That's because the freshwater plant communities lining the southern tip of the Florida Peninsula that depend on freshwater flowing south from Lake Okeechobee provide critical habitats to many wildlife species, University of Miami researchers said.
As salt water from rising sea levels intrudes it creates large patches of vegetation loss, their study found.
"Less salt-tolerant plants like the sawgrass, spike rush, and tropical hardwood hammocks are retreating," geography Professor Douglas Fuller said. "At the same time, salt-loving mangroves continue to extend inland."
Fuller and co-author Yu Wang, a former master's program student at UM, used satellite imagery from 2001 to 2010 over the southeastern Everglades to identify changes in vegetation patterns, then followed up with field studies to confirm long-term trends of mangrove expansion and sawgrass habitat loss near the shore.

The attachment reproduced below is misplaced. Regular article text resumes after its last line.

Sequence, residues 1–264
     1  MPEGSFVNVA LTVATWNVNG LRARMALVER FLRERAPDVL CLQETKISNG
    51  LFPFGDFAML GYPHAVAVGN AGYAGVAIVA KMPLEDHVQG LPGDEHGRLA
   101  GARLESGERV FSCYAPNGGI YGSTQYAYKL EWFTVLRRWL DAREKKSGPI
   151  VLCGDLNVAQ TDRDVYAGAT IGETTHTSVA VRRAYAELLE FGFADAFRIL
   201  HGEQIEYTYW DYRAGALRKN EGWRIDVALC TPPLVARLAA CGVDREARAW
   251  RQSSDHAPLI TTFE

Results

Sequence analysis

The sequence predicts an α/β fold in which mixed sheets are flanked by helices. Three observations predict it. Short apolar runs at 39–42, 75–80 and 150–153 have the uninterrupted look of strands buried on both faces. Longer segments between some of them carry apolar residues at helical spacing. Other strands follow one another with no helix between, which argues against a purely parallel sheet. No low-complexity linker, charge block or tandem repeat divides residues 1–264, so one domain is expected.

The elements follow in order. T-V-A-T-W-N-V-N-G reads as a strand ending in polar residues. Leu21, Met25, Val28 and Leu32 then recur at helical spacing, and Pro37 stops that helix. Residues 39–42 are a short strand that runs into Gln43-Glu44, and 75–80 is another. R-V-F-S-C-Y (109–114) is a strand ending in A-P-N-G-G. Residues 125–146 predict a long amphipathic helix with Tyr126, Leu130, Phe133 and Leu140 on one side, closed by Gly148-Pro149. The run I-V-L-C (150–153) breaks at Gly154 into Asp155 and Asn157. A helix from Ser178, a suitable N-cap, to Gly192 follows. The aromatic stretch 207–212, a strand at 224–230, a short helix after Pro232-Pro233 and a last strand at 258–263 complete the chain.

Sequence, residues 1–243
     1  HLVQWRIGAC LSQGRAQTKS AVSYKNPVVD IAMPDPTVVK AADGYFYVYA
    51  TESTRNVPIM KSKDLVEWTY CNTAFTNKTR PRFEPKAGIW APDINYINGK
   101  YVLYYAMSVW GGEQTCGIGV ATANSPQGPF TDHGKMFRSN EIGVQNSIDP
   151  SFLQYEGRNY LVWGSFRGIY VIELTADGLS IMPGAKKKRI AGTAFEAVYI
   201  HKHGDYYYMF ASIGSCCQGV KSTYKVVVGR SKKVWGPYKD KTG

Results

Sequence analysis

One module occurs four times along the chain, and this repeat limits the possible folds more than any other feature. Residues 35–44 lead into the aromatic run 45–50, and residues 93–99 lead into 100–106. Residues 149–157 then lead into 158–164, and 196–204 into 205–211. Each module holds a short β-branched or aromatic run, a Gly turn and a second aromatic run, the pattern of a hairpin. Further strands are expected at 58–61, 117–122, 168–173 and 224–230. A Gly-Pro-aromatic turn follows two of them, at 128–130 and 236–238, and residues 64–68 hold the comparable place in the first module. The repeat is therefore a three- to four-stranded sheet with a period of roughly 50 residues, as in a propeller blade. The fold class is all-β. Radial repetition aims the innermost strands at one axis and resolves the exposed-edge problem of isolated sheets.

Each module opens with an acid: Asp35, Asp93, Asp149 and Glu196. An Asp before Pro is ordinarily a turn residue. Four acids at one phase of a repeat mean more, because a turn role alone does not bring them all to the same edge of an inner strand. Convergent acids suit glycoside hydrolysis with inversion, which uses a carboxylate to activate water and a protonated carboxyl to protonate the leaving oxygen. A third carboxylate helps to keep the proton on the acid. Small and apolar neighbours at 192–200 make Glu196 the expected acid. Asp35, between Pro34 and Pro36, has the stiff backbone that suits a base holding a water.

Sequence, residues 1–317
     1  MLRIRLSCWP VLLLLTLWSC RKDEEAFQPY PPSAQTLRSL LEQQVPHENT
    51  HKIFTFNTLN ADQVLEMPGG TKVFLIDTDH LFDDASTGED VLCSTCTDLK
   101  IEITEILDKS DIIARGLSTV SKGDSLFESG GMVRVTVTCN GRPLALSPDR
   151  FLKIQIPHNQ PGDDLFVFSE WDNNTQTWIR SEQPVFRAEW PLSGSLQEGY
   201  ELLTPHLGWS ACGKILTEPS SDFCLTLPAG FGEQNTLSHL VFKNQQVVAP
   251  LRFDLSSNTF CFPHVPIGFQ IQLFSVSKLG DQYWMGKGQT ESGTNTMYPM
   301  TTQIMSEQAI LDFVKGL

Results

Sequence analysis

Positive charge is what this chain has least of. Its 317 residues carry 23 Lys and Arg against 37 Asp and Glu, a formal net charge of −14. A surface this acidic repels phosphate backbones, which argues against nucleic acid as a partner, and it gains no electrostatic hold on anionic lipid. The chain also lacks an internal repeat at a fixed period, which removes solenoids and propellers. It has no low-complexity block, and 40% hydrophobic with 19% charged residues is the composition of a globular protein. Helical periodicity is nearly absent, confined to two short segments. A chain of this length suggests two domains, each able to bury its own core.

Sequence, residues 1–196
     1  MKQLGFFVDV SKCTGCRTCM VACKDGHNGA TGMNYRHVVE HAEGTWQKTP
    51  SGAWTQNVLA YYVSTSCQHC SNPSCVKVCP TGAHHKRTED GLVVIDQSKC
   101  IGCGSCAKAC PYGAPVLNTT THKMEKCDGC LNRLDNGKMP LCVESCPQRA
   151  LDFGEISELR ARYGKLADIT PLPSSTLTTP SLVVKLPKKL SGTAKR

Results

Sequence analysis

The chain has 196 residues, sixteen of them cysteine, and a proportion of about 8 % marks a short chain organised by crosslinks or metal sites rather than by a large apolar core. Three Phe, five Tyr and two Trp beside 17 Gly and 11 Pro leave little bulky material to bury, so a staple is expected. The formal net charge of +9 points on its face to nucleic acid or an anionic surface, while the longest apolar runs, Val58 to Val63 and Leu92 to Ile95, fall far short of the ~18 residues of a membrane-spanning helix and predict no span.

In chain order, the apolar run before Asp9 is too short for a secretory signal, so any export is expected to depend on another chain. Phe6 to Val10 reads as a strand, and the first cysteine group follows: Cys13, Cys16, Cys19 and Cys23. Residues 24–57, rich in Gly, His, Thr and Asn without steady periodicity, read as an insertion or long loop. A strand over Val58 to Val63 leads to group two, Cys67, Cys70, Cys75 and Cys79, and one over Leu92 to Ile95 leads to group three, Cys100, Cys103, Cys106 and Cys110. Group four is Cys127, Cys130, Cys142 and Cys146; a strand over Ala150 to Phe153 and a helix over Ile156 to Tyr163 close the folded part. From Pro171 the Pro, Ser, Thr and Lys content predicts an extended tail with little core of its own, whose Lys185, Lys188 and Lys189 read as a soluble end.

"I was very surprised at how well the results matched our understanding of long-term trends and field data," Fuller said. "Normally, we don't see such clear patterns."
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